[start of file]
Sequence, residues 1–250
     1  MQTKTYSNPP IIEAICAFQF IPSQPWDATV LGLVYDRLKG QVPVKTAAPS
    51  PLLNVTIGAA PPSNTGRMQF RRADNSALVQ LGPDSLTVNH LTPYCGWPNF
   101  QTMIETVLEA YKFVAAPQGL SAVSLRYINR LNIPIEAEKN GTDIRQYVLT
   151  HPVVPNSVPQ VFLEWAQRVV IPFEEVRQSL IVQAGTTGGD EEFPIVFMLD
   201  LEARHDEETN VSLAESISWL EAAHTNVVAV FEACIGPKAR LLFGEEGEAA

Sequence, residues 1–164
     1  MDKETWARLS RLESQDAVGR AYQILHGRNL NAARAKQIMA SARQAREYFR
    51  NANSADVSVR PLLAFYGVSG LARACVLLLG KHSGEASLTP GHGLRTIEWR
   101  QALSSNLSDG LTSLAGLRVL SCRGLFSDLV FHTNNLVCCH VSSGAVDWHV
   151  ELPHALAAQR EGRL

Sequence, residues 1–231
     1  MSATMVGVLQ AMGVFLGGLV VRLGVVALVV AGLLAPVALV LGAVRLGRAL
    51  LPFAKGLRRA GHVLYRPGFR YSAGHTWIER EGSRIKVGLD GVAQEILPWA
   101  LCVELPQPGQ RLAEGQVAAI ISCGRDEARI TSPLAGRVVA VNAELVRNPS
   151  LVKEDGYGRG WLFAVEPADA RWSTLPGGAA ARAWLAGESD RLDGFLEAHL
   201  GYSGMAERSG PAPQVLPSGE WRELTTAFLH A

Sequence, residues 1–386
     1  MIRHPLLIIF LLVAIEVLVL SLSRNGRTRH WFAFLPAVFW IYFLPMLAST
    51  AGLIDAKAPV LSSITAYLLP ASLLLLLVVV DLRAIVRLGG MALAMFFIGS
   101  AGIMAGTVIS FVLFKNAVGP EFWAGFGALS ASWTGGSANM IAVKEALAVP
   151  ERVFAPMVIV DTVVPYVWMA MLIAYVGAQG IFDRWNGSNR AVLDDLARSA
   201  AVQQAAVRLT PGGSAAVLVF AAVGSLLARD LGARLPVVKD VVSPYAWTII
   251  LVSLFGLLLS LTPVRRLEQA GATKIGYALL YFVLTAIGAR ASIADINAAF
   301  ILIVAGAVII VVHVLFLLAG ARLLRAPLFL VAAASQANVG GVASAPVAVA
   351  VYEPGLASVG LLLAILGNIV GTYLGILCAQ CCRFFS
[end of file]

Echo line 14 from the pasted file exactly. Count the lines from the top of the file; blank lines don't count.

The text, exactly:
    51  LPFAKGLRRA GHVLYRPGFR YSAGHTWIER EGSRIKVGLD GVAQEILPWA